For the most part, this weekend’s UFC Fight Night 85 card has been forgotten. Neither Frank Mir nor Mark Hunt appear likely to be in the title hunt again. Neil Magny’s calculating style isn’t much of a draw for viewers, while his opponent Hector Lombard has been out of action for over a year due to suspension. While both fights are evenly matched, it isn’t hard to see where people are overlooking this card.
The truth is there are a few hidden gems up and down the card, with the prelims offering a surprising amount of quality for a foreign card… and that is even with a recent spat of lineup changes. Not every fight is worth sitting down for, but there are worse ways to spend a Saturday night. At the very least, have your DVR ready…
Brendan O’Reilly vs. Alan Jouban (Welterweight)
It looks like the UFC is tired of lobbing O’Reilly softballs, as it is throwing him in the deep end with action fighter Jouban. It’s sink or swim time for O’Reilly with the smart money leaning towards sink.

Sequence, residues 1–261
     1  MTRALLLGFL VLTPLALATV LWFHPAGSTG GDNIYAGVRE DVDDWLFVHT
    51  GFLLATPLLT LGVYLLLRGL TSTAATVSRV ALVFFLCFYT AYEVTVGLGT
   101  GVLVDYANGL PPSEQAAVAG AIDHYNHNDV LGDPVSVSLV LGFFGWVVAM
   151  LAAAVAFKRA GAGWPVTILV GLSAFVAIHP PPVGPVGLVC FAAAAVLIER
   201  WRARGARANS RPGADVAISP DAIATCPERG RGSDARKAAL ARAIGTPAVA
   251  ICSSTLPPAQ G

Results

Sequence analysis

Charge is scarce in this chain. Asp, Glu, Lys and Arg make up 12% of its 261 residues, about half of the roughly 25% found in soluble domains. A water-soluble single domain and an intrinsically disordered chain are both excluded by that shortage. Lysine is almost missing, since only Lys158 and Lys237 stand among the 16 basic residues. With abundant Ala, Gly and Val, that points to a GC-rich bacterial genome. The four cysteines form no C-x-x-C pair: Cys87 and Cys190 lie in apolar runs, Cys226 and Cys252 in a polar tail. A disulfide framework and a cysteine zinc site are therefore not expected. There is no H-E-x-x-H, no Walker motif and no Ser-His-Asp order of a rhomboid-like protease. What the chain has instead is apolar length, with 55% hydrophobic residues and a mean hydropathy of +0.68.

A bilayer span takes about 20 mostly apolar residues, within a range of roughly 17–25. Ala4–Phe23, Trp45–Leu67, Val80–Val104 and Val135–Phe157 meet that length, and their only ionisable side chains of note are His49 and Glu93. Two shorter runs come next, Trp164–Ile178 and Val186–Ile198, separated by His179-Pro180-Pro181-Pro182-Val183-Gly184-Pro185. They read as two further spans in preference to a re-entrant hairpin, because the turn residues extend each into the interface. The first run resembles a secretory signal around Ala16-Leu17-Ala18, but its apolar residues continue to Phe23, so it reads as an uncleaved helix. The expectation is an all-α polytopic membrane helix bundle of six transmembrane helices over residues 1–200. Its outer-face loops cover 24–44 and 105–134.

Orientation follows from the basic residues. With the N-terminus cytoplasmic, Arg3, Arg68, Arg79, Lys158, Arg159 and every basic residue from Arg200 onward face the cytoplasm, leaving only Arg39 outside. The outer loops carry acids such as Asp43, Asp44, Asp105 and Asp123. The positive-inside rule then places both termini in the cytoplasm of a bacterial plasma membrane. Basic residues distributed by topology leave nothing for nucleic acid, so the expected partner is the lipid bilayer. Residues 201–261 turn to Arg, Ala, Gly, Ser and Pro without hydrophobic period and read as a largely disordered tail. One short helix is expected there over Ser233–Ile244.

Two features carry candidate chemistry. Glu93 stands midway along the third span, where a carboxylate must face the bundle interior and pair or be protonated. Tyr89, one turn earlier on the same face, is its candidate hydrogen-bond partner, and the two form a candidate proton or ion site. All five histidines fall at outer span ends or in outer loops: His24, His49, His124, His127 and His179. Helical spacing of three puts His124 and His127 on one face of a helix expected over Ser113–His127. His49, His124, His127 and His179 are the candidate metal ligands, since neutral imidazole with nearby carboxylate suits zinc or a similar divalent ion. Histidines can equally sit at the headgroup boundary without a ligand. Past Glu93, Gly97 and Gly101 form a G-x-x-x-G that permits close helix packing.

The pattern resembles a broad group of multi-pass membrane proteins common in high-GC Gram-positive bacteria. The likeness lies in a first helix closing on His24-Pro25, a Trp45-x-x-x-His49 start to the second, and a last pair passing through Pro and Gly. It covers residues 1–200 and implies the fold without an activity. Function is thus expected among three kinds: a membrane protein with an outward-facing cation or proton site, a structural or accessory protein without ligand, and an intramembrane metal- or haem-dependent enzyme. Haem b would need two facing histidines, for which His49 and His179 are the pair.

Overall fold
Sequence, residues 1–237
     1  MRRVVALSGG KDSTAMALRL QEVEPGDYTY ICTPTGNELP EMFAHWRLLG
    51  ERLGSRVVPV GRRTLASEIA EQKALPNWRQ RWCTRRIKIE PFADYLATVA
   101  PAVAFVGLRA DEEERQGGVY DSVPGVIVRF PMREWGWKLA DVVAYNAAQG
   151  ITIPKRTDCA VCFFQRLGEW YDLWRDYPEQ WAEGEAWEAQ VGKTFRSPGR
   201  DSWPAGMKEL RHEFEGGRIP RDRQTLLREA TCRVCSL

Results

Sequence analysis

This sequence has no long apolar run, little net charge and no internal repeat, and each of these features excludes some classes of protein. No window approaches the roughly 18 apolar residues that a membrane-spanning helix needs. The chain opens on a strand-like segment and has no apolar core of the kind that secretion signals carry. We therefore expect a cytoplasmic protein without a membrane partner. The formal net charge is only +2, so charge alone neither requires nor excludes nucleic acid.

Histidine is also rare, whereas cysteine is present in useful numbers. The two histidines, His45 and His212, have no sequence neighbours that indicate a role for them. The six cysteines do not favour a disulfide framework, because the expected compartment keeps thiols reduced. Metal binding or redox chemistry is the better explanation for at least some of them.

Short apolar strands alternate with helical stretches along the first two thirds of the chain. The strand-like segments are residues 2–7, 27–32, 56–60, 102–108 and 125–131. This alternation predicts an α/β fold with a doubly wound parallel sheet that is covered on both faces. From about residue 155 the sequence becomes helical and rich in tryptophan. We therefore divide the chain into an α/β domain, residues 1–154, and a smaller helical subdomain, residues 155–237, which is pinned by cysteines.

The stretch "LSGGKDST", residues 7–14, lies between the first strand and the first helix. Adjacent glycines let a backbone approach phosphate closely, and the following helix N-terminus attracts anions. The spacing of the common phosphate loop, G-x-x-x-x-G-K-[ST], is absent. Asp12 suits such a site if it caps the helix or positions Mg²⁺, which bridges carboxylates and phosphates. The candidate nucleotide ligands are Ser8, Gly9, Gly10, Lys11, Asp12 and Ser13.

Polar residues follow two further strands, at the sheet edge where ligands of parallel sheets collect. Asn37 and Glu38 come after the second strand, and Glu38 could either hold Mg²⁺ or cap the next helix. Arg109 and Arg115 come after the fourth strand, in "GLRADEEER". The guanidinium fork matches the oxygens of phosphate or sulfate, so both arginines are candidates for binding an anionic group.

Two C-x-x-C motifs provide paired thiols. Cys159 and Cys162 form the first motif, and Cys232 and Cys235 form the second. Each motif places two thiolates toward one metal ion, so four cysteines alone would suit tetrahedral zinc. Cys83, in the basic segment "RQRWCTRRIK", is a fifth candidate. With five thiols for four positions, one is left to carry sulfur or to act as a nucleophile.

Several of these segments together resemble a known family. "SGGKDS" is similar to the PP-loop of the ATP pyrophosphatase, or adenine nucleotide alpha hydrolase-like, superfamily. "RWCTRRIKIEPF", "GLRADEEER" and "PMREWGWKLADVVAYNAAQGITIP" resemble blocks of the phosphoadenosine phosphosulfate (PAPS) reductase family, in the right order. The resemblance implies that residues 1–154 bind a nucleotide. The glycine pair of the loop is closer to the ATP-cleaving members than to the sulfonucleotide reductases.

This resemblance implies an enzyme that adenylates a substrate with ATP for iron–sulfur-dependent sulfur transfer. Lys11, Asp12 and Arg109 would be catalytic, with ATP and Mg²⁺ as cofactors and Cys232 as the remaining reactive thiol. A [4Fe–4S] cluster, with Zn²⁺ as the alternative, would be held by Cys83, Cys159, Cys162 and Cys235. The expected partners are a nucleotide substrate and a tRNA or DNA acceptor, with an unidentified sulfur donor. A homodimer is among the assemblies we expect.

O’Reilly does have the physical skills to become a staple on the UFC roster, but there are plenty of fighters who are just as talented (if not more so) who have never stepped foot in the Octagon, with his leg up on them being his Australian roots. His lack of size at welterweight and lack of range fighting are the issues holding him back from developing those tools. Those aren’t impossible deficiencies to overcome, but it is difficult.
While the lack of size certainly hurts his ability to fight on the outside, it affects his bread and butter even more as he is a grinder at heart. O’Reilly did hold his own in his las appearance against Vik Grujic, but Grujic was a horrible wrestler who quite frankly wasn’t a UFC caliber fighter. Throw in O’Reilly’s loss to Kajan Johnson in the TUF Nations tournament and it’s hard to see where he can pull this one off. He is strong for his size and does a good job staying active in the clinch with knees and dirty boxing, but will he be able to implement that.